What’s in a Cork? More Than You Might Expect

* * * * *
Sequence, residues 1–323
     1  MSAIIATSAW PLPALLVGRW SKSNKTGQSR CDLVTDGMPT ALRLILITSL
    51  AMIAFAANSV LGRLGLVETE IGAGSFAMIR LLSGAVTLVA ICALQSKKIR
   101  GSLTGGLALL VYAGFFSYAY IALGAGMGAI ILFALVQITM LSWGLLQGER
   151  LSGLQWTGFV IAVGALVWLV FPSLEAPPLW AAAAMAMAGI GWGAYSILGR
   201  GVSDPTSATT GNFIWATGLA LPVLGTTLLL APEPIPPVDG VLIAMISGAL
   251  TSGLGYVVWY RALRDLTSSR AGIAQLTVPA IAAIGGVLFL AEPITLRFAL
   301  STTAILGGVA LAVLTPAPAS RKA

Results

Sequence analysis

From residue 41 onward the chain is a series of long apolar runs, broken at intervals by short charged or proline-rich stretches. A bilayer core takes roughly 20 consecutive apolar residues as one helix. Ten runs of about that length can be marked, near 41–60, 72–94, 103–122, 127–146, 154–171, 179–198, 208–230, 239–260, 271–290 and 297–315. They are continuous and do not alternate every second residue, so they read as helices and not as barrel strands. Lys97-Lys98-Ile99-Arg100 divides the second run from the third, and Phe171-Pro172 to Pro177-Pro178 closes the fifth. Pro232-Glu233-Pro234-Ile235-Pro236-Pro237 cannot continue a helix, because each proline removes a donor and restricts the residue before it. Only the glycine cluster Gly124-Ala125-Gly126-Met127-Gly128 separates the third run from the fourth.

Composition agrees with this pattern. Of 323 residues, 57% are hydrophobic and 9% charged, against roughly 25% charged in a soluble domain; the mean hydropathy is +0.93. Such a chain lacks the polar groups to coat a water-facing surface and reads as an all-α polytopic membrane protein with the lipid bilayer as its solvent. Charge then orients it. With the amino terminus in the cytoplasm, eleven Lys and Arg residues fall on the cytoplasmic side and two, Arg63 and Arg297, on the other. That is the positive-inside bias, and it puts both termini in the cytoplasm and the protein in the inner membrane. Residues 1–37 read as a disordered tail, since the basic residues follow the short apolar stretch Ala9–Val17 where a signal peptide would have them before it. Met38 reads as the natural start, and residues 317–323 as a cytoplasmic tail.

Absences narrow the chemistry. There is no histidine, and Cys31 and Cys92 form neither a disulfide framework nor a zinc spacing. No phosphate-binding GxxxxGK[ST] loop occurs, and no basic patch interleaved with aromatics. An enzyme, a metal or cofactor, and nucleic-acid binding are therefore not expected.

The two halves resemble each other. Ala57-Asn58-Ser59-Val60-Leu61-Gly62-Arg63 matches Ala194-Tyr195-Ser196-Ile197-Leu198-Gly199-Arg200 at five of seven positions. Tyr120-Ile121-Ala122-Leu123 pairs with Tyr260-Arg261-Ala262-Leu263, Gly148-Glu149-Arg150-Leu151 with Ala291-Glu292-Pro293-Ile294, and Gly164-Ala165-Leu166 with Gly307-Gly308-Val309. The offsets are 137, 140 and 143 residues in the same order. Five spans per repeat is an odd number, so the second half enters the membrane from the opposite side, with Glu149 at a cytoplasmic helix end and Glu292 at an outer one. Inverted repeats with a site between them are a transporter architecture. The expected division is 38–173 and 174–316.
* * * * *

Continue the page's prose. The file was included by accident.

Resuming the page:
Vintners are split on their views of how to seal wines to keep the quality and freshness intact during shipping and storage. If the sealing method is a success, the wine ends up being a hit at the dinner table. If not, the wine is judged undrinkable. Synthetic corks are a growing technique of sealing wines, but some traditionalists refuse to change the time-honored method of sealing their precious cargo with cork closures. When corks can be removed easily and the contents are fresh and distinctly flavored, the cork becomes an insignificant item to the buyer. But if the cork is dry and brittle and the wine has turned to vinegar, the cork becomes all important. Most corks are carved from the bark of an oak tree that grows in Portugal and in other Mediterranean countries. The fiber of the cork can be attacked by a fungus that causes the cork to become moldy, thus destroying the quality of the bottle’s contents. Some vintners are combating the cork’s flaws by using methods to ensure that molds, bacteria and yeast are removed from the cork wood before processing. Boiling the cork in water helps to kill the microorganisms in the cork. They are then flattened, cut into strips and carved into bottle corks. Synthetic corks are formed from plastic compounds and have been found to reduce the risk of wine contamination. Many vintners believe that they convey a slight chemical flavor to the wine and also have a disadvantage of being difficult to remove from the bottle. Screw on caps for wine bottles are made from tin or aluminum and form a seal that can last much longer than the traditional cork closures. But vintners are reluctant to use screw tops on their fine wines because customers identify that type of seal with cheap wines. Crown caps are also part of a growing trend to find a way to successfully seal wines. It has long been used in the sparkling wine market during the fermentation process. But although the crown cap provides a tight seal, the ceremonial aspect involved with opening a bottle of wine is eliminated. No one wants to open a bottle of wine at a home gathering or restaurant and find that it’s turned to vinegar. The purchaser is disappointed and the vintner suffers a loss. That’s why wine manufacturers are making wine closures their number one priority.

 


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